I took a wrong turn a few hours ago and found out my friend was dead.
I was out running errands with my mom. She turned the car down a random side street near her home and was having a little trouble finding her way back. I knew the area—I used to bike those streets, and my mentor lived there—so I was directing her … and then we noticed a little makeshift memorial on a corner. A woman was just stepping out of a car to lay a bouquet of flowers against a street sign. There was a white cutout of a bicycle leaning against the pole, with flowers and candles around it.
My mom said, “I think this is the corner where that girl died.”
I said, “I guess so. That would explain the ghost bike and the flowers. What girl?”
Mom: “I don’t know. It made the news. She was riding her bike and a truck hit her.”
We rolled closer to the makeshift memorial. The girl’s name was written on the bike, along with her date of death and the words “Watch For Bicyclists”. Her first name was Chelsea.
Me: “I hope it’s not that Chelsea. I know it’s horrible, but I hope it’s not the Chelsea I know. Did the news say whether she had long red hair?”
Mom: “No. They just said she was 20, and not in school.”
Me: “Well, that’s good. Chelsea’s older than that, and she went to college.”
I’ve lived pretty much my entire life under the threat of imminent death. (Short version for those late to the party: I have a medical condition that is either going to kill me so dead one day that I won’t live long enough to hit the floor breathing, or going to let me live a hundred years.) I know that I walk around every day with the Grim Reaper for a shadow. But I forget sometimes—often, really—that everyone else does too. All you normallish people, you die too.
I didn’t know Chelsea well. We were in a study group together; I attended regularly, and she came when her schedule allowed. It’s easy to remember when Chelsea was there and when she wasn’t; she had long curly red hair that trailed behind her wherever she went, like the tail of a comet. I’d see her walking through the neighborhood sometimes, or riding her bike to class, with that hair whipping in the breeze behind her. I still can’t imagine that the truck driver didn’t see her. It seemed to me that everyone, everywhere she went, always saw her. Sometimes they saw nothing else.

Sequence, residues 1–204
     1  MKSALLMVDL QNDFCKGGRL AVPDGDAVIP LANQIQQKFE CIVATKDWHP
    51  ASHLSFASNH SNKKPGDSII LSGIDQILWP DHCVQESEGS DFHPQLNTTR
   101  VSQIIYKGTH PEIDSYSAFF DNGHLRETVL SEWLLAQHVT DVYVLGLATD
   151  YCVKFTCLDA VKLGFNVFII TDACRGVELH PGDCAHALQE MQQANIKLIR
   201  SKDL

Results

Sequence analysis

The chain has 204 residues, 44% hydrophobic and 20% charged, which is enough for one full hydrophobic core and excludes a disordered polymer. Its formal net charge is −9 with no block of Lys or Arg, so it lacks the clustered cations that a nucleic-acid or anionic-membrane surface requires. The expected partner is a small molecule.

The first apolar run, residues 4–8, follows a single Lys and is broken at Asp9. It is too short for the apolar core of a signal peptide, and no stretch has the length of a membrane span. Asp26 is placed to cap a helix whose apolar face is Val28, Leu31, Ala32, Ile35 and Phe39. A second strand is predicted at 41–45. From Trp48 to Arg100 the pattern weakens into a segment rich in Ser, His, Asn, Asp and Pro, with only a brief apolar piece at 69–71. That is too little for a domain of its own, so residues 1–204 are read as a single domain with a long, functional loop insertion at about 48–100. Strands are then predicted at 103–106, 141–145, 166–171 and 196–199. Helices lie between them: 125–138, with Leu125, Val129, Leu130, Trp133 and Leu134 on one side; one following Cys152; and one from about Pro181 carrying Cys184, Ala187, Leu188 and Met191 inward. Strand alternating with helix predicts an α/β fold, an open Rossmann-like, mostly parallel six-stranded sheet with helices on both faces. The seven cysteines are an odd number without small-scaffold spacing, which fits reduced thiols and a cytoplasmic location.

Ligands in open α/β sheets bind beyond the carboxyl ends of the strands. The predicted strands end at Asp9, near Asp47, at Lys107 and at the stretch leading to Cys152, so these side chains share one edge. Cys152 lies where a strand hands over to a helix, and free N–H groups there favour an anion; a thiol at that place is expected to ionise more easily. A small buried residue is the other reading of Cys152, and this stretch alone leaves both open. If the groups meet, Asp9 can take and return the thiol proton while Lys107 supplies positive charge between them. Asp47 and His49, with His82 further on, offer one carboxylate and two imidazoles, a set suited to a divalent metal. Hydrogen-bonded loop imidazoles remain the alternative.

The group broke up a few years ago, but I met her by chance in the library on March 17, 2012. I was up to my eyeballs in a manuscript, but I caught a flash of copper in my peripheral vision and looked up. I ran halfway across the reading room to catch her, because Chelsea was worth running after, and we chatted. She talked about graduating from college, about future plans. I don’t remember a lot of it. She had to leave after only a few minutes; her mother was waiting. I only know the date now because I turned around after she said goodbye, saw something striking on the cover of a magazine, and snapped a picture of it with my cellphone. The picture’s still in the phone’s memory, and so I have a picture of a magazine cover instead of a picture of Chelsea.
I avoid discussing religion in this blog; my beliefs are my own, I want readers of all faiths (including None of the Above) to feel welcome here, and I’m not interested in having theological debates with the internet. Chelsea believed in an afterlife, though—not loudly or fervently, but with a bone-deep conviction, quiet and solid as granite. I’m fairly sure she’s there now, in the finest heaven in creation, probably in an endless, fantastical jam session with a thousand brilliant musicians and every eye in the place secretly on her. She was like that when she played on earth; the ultimate transformation would change that but little. But she isn’t playing here, where I can hear her. I won’t hear her again for a good long while … unless, of course, I do.
I am writing a book about death. The Resurrectionist’s Song has a lot of death in it, though it doesn’t always take. I have thought about death from every possible angle, from the point of view of everyone involved. But this is different. This is Chelsea.
That’s how it always is. It’s always different.
Selfishly, stupidly, I want to hear a jazz clarinet.